No animal is as iconic as the black cat in pop culture's past and present. Its potential as an emblem of intrigue was recognized long ago. In 1881 in Paris, France a cabaret created by artist Rodolphe Salis, "Le Chat Noir" (French for The Black Cat), used a defiant-looking sable feline as its mascot. Its closure in 1897 disappointed many including Picasso, who looked forward to seeing it. Edgar Allen Poe's The Black Cat, which was first printed by the The Saturday Evening Post in 1843, tells the tale of one man's decent into madness caused by, he believes, a stray black cat. In 1934, Poe's story was loosely adapted into a horror film of the same name starring Bela Lugosi and Boris Karloff.
During the witch hunts and trials in 13th century Europe and 15th century America, the black cat was considered a witch's familiar. This age-old association is seen on Halloween cards and decorations today. Even though "witches" in these trials were accused of turning into other nocturnal animals, the black cat pairing endured for hundreds of years. Interestingly, in areas where there were few historical witch hunts, black cats are considered good luck. These places are Japan, Britain, Ireland, and Egypt.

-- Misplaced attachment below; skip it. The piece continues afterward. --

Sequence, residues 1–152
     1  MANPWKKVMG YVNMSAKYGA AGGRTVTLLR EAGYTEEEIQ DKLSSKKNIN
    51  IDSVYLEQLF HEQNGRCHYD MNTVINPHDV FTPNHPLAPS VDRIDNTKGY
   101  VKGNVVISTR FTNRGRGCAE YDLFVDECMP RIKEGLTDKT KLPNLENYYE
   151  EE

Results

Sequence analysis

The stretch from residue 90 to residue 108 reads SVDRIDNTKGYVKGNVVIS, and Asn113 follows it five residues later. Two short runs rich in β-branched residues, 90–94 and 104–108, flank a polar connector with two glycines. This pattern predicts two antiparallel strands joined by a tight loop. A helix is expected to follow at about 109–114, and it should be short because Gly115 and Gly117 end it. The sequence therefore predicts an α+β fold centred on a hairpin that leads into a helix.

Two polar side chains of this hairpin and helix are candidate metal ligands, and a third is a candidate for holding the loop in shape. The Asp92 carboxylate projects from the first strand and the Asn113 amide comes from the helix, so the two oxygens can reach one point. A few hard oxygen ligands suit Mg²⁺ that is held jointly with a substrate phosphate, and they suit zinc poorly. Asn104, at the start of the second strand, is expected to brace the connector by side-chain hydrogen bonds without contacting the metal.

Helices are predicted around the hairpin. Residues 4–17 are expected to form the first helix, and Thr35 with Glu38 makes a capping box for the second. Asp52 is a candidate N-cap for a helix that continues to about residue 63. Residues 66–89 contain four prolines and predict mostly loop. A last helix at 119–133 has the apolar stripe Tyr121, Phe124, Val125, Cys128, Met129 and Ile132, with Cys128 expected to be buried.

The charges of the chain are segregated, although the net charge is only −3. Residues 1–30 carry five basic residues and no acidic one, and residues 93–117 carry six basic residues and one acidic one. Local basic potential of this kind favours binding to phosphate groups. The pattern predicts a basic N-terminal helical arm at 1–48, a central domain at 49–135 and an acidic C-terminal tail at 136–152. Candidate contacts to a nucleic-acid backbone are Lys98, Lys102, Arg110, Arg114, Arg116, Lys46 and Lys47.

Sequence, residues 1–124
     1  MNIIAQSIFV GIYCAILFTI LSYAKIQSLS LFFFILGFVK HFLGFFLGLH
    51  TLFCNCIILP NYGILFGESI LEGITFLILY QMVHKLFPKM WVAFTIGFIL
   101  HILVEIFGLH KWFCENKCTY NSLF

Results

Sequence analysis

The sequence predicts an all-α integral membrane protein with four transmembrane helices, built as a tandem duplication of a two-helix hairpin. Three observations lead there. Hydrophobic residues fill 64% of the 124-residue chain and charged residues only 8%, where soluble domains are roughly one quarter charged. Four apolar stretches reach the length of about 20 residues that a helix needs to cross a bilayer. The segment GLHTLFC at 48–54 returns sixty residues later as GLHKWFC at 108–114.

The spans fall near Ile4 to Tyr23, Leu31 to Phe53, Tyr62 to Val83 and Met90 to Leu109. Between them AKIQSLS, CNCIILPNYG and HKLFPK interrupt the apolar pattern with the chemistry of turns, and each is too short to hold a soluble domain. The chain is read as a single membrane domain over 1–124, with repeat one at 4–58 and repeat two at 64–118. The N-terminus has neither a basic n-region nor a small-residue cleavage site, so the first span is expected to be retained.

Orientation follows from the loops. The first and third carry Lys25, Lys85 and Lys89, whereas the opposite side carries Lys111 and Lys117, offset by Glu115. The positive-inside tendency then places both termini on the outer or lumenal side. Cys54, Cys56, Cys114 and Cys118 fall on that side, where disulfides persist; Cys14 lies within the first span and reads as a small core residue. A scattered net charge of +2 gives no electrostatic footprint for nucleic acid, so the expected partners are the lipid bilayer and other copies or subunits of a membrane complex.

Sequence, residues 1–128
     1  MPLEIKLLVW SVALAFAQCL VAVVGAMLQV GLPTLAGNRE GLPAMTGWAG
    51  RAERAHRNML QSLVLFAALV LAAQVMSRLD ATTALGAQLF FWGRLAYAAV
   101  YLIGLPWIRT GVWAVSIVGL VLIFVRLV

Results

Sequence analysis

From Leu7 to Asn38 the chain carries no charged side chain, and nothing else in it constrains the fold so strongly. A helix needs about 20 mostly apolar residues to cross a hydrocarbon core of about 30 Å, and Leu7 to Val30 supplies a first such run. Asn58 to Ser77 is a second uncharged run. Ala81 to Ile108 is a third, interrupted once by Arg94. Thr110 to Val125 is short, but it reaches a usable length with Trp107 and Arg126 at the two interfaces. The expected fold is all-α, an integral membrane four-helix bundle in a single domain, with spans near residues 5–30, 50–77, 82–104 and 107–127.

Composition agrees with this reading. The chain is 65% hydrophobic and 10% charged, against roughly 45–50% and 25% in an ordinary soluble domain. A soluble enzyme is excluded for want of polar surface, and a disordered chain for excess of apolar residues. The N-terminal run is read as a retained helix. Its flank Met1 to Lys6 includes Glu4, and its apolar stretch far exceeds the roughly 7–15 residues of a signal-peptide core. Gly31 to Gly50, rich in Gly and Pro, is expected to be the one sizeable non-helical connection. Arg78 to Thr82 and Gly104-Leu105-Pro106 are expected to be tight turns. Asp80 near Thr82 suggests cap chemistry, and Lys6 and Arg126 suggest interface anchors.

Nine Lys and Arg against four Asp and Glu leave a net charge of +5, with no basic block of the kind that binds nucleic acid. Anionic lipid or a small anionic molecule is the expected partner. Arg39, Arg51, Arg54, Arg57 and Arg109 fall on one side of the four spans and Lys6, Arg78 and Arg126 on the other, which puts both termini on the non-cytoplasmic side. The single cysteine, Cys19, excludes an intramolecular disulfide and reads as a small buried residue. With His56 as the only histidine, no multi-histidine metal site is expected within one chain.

A black cat picture created by Ralph Chaplin circa 1880 was used by the Industrial Workers of the World (IWW) for identification and intimidation. If an employer of industrial workers found the emblem in the workplace, it was considered to be a warning "bad luck" (or sabotage) would follow.
In recent American pop culture, the Black Cat Marvel Comics character first appeared in The Amazing Spider Man in 1979. The character is still popular today.
It is not the black cat's association with witchcraft that enabled its status as an enduring icon of mystery. It is simply the animal's own form and beauty that secured it's notoriety through the passing centuries. Hopefully this fact will encourage more appreciation and less superstition in the years to come.